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Iraq under the shadow of US-Iran tensions  

Interview- Iraq under the shadow of US-Iran tensions  
posted onJuly 13, 2019

As tensions are raising between the United State and Islamic Republic of Iran, some believes a military conflict between Iran and America is inevitable and that it is just a matter of time. Others think any such conflict would be accidental. One thing is certain: Iraq is suffering in between.

Salim Dalimi, an expert on Iran and Arabian Gulf countries’ affairs told Avatoday, in an exclusive interview, that “Trump is determined to what he is doing. As he said earlier, he wants a fair deal.”

He emphasized the US President wants to be assured that, “Iran would stop its nuclear and ballistic missile programs, and it would not intervene in other countries local matters in the region.” 

Dalimi has also talked about Iraq and the role it is playing in the recent conflicts between Washington and Tehran. 


Avatoday: Sixteen years since the collapse of the Ba’ath regime in Iraq, the government has yet to be established properly, why is that?

Salim Dalimi: The main reason for the drawbacks of the Iraqi government since 2003 revolves around several elements:

First: The problem rooted in a period that comes before 2003, when the Iraqis were deprived from their own government. The citizens of a country should feel connected with the government, and this was not the case in Iraq. 

Therefore, after the collapse of the previous regime those who previously felt deprived took power and returned back to their nationalism and their ethnic, tribal and religious desires.

The new state created a sense of power in favor of certain ethical and religious groups and that worsen the problem more than ever.

Despite establishing a modern government, they attempted to set up isolation walls between the diverse sections of the community.

There have been attempts to further widen religious and ethnic gaps. For instance, the term “Iraqi nation” changed into smaller brand-new labels, which were previously unfamiliar in the society.

Second: In addition, the overall collapse of security system and the abolition of Iraqi army and security organizations in 2003 created a security vacuum and provided a perfect condition for terrorist groups to infiltrate into Iraq.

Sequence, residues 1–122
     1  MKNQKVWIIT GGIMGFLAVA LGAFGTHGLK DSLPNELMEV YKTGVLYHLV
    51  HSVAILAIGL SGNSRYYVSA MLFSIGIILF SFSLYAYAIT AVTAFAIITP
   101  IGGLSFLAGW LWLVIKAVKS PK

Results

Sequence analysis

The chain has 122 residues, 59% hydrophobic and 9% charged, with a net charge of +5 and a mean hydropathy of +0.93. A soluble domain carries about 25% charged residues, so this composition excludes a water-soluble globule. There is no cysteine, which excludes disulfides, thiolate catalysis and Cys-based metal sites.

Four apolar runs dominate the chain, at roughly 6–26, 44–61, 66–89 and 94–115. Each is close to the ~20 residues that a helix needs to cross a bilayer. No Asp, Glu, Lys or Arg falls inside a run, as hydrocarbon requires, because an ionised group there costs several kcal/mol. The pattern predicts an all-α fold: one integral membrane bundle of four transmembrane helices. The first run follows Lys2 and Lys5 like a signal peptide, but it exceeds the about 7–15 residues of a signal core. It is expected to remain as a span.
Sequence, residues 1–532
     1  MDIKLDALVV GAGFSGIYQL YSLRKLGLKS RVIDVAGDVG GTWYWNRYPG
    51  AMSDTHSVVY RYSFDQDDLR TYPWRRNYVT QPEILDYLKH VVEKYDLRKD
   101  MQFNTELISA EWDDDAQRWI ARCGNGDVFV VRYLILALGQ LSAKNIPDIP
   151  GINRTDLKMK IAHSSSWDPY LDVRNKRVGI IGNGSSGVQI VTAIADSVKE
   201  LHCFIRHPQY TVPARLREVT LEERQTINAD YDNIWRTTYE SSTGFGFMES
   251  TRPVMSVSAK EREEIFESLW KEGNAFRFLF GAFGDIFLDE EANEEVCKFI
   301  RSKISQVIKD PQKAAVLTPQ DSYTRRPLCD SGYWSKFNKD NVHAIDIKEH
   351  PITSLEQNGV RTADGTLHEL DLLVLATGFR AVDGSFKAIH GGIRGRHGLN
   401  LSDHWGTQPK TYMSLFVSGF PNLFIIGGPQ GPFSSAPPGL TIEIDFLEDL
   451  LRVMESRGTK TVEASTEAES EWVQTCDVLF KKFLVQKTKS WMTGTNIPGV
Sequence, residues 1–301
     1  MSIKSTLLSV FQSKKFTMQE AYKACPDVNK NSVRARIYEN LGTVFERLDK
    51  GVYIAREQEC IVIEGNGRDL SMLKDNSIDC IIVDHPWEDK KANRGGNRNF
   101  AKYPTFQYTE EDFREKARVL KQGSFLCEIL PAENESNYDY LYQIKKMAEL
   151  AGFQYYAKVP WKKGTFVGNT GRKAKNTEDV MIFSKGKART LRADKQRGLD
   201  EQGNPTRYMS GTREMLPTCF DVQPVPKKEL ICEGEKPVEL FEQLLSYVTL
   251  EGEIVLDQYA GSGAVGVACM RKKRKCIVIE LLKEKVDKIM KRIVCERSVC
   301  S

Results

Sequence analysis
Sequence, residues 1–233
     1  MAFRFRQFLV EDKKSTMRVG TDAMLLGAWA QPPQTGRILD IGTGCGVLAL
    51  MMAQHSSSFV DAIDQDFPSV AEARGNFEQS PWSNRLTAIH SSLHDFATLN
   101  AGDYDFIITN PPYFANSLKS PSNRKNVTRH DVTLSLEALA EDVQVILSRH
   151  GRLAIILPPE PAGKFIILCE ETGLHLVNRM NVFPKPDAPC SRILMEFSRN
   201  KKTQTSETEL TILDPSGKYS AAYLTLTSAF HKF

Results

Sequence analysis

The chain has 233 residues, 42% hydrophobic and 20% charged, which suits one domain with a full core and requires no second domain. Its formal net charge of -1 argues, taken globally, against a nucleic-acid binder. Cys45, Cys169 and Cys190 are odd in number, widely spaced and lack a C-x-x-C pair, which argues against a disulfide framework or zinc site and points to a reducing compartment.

These terrorist groups have especially found a safe haven among Sunni community, which was isolated due to the oppression of the central government. Sunnis were the center of power in the previous regime and now they were totally forgotten.

Third: Another barrier was the emergence of a new enemy, al-Qaeda and its successor the Islamic State group (ISIS). Both have announced that they protect Sunnis.

As a response, some militant groups emerged with the support of Iran and surprisingly claimed they also protect Sunnis.

Fourth: There are still religious and sectarian conflicts since the al-Askari mosque bombing in 2006, and later marginalizing and criminalizing policy against Sunnis by Nouri al-Maliki’s administration provided the ground for the emergence of ISIS, who easily had captured most of Sunni cities and had imposed their own power over the Sunnis.  

This situation obliged Shiite religious leaders to call on Shiite people to join militia groups. Heavy attacks on Sunni cities started. They let the locals to flee their homes and live in the camps, where there are no life facilities.

Fifth: despite being a supportive force for Iraq’s military, Popular Mobilization Forces turned into Iran’s agent. Through them, Iran is continually interfering in Iraq’s local issues and turned it into a market to sell Iranian-made products.

Apart from that, Iran and Turkey and other regional countries want Iraq as divided as possible in order to remain under their monopoly for much longer.

Sixth: Economic and management corruptions waste hundreds of billions of dollars, enough to revive a country with international help. Corruptions made Iraq a major debtor of International Monetary Fund.

The last reason, is the incapability of the state and the failure of civil society organizations to form a government that would fit the new image of Iraq after 2003. A government in which the fundamental rights of all Iraqis are preserved, without oppressing some groups.

Avatoday: There has been a rise of militant groups in Iraq since 2003 and almost every group has a national cause to fight for. Is Iraq in such a critical problem to need all these militias?